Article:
Life's a drag

8 reasons the message of “Drag Race” is more important than ever

I’m not going to rehash all the reasons to panic, but suffice to say: the world is not in top-notch condition these days, nor does it look to be on the road to recovery with this incompetent billionaire boys club that is somehow now (not) running the nation.

As we’re circling the drain, let’s cling to hope wherever we can get it. So Season 9 of RuPaul’s Drag Race could not have come at a better time, both as highly entertaining distraction and a kind of liberating Ru-ology.

Here are 8 reasons why the series–premiering tonight on VH1 at 8pm Eastern–is more important than ever…

1. Diversity matters

Few venues have showcased such a wide array of queer voices. Sure, any competition reality show is going to have its fair share of manufactured drama and stereotypical cattiness. But what other program on a major cable network does so much to celebrate the experiences of so many? We’re not just seeing the same muscled, mostly-white cardboard cutouts from Fire Island, but rather a glorious array of socioeconomic backgrounds, sexual orientations, gender identities, and ethnicities. Ru isn’t just waving a rainbow flag: she’s championing the actual rainbow.

2. Visibility matters

To piggyback on that last point, people can’t embrace what they don’t know. The journey from being a closeted kid in the middle of nowhere (or even the straight mom of that closeted kid) to being a proud ally cheering for a trans woman of color can be long and sometimes difficult. And it only happens because people see and empathize with strangers with different experiences. As legislators continue to marginalize our community, we need to remember that changing minds can be the first step in changing laws.

3. Art matters

Trump has proposed a budget that would entirely eliminate funding for the National Endowment for the Arts. Thank goodness RuPaul has consistently cast truly unique artists, from Raja with her high-fashion genderqueer perspective to Thorgy and her Thorchestra to the defiantly brainy Sasha Velour. Even the much-maligned Serena ChaCha got you to Google “soft sculpture.” Children encouraged to appreciate art do better in school and commit fewer crimes, so when the Republicans pull the plug on Sesame Street, you might want to show your kids some Drag Race.

4. History matters

Queer children typically don’t have queer parents, so we only pass down our stories when we can find each other. Since the AIDS crisis decimated a generation of queer men, it became even harder to link us to our rich, vibrant past. Ru helps maintain that connection by teaching the children about living legends like John Waters, cultural documents like Paris Is Burning and significant events like the Stonewall Riots. The queer community has traveled a long, hard road, and Drag Race honors the people who got us here.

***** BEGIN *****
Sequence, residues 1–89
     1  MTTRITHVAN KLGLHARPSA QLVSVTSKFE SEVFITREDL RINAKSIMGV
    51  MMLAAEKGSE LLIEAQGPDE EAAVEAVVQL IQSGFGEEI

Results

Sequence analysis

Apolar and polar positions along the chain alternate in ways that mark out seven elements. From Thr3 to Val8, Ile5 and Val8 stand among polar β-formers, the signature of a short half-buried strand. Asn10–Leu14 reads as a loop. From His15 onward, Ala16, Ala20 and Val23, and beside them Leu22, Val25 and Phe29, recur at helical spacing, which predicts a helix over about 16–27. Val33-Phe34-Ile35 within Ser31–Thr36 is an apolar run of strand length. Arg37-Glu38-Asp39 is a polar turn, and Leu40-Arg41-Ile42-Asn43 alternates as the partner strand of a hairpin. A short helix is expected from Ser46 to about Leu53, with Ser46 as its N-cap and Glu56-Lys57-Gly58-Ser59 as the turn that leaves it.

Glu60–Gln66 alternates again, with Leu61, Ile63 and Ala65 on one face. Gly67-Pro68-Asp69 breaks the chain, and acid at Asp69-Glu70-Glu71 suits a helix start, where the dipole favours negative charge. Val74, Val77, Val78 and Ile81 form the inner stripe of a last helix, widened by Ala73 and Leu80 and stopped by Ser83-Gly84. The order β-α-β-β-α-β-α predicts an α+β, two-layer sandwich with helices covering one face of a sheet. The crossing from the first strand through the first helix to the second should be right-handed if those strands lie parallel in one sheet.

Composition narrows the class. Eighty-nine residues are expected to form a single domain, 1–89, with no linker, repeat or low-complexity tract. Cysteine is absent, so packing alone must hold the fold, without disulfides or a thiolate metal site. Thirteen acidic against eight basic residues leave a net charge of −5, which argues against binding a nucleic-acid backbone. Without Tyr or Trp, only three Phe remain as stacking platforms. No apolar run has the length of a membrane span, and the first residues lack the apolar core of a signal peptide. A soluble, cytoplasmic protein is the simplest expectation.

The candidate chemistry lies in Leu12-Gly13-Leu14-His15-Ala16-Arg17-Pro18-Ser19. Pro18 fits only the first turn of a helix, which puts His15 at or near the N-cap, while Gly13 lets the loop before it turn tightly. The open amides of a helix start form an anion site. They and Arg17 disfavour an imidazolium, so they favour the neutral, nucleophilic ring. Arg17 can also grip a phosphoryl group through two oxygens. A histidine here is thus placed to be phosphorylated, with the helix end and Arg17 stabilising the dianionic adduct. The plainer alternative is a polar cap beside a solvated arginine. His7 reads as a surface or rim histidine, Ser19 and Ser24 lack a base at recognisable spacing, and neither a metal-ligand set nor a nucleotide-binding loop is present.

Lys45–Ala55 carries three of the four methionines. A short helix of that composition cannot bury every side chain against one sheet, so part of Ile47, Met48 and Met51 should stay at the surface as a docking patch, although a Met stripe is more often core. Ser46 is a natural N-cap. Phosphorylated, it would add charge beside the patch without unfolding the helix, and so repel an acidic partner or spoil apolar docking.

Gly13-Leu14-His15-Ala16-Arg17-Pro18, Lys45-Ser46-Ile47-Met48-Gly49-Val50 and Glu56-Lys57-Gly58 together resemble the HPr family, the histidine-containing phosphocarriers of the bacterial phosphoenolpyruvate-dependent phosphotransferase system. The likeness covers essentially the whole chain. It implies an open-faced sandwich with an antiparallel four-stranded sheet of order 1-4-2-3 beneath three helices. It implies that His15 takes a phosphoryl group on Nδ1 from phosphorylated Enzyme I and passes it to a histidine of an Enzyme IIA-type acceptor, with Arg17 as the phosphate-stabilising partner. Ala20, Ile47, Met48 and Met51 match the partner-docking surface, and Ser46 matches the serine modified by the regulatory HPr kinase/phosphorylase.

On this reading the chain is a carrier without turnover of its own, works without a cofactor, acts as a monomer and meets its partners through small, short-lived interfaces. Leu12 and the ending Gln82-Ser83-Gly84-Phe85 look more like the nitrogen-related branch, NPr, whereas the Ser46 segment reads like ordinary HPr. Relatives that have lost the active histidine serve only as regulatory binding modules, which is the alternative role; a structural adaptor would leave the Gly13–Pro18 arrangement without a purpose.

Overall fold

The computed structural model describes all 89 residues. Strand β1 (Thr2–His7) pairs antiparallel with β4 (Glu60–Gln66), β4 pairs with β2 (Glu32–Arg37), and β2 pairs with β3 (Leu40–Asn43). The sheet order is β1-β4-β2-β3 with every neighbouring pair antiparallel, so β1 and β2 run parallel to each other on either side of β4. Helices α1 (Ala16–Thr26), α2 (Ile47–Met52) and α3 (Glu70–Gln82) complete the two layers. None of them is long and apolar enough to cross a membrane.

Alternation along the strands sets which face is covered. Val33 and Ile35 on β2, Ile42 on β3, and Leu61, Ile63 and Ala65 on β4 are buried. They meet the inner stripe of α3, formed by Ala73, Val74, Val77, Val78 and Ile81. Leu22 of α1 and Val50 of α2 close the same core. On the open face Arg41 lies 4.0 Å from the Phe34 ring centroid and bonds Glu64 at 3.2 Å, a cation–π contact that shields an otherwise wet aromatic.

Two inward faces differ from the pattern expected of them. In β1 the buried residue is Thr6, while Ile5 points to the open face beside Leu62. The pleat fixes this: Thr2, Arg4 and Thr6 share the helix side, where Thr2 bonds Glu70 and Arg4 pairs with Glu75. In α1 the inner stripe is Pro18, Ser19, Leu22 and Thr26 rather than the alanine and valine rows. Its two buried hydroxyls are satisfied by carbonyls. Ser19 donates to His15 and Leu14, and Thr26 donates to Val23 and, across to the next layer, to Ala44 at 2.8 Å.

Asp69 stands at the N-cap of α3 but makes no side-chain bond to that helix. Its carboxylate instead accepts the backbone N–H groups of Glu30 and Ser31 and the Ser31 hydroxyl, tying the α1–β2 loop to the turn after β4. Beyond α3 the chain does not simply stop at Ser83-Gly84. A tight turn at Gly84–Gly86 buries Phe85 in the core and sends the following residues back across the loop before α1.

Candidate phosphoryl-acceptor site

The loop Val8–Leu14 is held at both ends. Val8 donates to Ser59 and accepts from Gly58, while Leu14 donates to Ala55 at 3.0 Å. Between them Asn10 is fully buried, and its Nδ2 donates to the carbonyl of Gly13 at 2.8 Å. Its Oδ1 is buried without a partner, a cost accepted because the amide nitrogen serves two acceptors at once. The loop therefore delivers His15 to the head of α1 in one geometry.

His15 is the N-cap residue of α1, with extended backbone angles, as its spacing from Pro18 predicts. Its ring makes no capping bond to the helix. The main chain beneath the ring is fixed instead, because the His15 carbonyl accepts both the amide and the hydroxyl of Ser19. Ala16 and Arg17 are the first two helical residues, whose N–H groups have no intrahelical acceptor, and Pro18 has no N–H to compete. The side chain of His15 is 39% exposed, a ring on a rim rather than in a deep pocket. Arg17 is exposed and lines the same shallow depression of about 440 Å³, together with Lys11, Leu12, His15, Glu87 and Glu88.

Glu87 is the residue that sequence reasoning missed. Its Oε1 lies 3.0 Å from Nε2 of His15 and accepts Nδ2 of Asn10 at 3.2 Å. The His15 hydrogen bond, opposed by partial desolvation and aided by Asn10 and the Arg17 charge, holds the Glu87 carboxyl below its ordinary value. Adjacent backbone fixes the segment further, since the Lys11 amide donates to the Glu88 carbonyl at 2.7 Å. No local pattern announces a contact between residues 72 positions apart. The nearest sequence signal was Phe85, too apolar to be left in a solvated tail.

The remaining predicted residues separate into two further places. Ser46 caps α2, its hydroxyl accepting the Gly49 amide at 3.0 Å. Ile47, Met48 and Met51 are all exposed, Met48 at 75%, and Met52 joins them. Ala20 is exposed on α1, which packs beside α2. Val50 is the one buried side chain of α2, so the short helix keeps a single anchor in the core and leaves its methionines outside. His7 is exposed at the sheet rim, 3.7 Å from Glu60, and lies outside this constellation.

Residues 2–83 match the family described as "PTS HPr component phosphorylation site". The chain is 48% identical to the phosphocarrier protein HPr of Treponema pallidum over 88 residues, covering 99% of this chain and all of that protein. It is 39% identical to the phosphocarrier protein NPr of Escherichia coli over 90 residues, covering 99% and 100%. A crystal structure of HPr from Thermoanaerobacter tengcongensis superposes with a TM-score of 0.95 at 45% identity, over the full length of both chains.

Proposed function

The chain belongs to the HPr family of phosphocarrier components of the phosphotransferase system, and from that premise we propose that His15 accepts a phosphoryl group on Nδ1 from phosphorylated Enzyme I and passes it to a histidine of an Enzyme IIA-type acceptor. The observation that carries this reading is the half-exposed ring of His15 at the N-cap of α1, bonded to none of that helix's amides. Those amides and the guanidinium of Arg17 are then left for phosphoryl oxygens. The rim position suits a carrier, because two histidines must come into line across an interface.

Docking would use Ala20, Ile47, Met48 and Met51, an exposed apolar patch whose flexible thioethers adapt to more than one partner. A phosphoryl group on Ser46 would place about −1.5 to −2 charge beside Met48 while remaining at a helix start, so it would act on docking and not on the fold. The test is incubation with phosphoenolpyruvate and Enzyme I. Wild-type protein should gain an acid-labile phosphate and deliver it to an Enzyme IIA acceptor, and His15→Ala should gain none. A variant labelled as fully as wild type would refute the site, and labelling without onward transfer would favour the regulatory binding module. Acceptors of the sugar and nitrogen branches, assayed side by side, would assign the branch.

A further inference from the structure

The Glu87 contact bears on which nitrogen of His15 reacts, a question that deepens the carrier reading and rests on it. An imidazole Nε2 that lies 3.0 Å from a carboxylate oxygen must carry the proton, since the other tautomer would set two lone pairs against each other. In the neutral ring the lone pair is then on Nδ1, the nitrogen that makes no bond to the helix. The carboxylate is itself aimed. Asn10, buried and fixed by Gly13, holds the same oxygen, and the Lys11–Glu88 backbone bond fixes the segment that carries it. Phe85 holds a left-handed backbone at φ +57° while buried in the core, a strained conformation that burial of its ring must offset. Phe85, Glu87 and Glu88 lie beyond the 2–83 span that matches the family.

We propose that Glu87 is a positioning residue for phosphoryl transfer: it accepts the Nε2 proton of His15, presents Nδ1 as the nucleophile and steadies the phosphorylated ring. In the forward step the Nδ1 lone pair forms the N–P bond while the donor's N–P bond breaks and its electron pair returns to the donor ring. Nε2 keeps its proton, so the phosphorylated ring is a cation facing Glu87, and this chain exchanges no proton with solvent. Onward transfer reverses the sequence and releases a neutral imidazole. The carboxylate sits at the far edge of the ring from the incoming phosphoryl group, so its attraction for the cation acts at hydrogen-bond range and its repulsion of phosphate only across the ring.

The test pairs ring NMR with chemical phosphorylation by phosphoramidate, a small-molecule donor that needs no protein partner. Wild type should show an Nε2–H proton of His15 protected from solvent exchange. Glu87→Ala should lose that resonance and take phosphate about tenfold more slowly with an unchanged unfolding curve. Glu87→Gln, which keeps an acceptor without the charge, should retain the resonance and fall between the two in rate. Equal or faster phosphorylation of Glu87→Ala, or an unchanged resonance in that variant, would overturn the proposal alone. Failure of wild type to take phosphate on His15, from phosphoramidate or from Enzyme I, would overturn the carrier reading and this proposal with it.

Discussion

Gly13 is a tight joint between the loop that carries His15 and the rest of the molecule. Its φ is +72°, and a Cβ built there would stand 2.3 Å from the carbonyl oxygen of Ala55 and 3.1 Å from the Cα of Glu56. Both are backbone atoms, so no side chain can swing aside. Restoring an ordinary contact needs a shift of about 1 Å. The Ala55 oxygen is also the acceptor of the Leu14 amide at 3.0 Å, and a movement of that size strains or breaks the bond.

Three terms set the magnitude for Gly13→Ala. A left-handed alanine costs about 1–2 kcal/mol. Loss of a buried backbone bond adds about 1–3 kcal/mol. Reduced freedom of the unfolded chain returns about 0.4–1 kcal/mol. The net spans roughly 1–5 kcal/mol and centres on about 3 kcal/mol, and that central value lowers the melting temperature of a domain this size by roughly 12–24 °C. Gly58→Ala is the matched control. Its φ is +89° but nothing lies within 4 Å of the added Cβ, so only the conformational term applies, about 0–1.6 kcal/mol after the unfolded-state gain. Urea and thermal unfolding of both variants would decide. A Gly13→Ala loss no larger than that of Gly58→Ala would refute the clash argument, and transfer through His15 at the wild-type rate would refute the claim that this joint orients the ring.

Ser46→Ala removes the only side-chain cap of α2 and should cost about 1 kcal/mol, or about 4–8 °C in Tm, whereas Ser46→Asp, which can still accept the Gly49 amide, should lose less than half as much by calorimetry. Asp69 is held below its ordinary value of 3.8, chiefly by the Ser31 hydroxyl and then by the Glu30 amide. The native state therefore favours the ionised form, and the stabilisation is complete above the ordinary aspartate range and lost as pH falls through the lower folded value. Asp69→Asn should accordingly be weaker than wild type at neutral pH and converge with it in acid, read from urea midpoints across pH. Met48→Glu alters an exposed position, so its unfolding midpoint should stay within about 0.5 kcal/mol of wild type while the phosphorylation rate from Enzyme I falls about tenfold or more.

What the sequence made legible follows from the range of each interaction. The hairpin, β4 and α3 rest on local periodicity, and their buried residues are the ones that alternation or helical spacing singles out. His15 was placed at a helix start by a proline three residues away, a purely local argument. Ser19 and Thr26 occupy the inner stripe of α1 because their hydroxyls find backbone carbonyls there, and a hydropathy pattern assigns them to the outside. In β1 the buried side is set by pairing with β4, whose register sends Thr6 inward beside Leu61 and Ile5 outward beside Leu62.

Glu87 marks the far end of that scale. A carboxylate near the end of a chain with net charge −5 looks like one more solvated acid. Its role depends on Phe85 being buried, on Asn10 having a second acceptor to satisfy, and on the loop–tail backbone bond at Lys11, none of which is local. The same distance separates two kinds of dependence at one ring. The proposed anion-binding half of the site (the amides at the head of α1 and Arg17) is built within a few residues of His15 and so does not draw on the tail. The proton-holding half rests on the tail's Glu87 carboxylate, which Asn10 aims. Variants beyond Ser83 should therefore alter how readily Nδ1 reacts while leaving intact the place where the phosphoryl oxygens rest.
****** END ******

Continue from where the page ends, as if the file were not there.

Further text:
5. Fun matters

Is anyone else exhausted all the time? Every day, we wake up to bad news about who wants to kill us, who has already died and how they’re going to kill us next. There are so many disasters that I don’t even know what to protest anymore. When it all seems like too much, Drag Race reminds us to sit down, unwind, shout “yaaaas,” and wave our fingers at the latest wig reveal. You’ll burn out if you don’t blow off a little steam, and nothing injects you with joy like that final runway.

6. Support matters

Seeing people stand up for each other can inject hope in the life of a viewer that feels alone. RuPaul is not shy about sharing inspirational messages, and while they might read like lightweight Oprah to some, they could also change the life of a kid who needs to hear that she can choose her family, or that his life will get better, or that even the friend who just read them to filth will give them a couch to crash on when things get dire.

7. Pride matters

We’ve come so far since the only LGBTQ representation on TV was Will & Grace. Now, we don’t need to be thin, white, beautiful lawyers to be the protagonists of our own stories: we have permission to be flaming and fat and fierce and freaky. In the face of so much opposition to the very existence of black lives, queer lives, Muslim lives, trans lives, and so many others, we need to be able to look in the mirror and feel necessary to the world around us. By highlighting people who love their difference, RuPaul encourages us to do the same.

8. Fabulousness matters

Today might suck, but we’ve still got to build our tomorrow. Watch RuPaul’s Drag Race as an instructional video for how to make the world around you a better place: by committing fully to the projects you believe in, by standing up to the people in your way, and by looking like a full-on diva deity while doing it.

The future needs style, and so do our future leaders.

Chris Kelly performs under the drag name Ariel Italic. You can see her every Tuesday at The Mockingbird for her solo show Literally Meaningless, or watch RuPaul’s Drag Race with her every Friday at Brooklyn Bazaar for Nobodies Hosting Drag Race!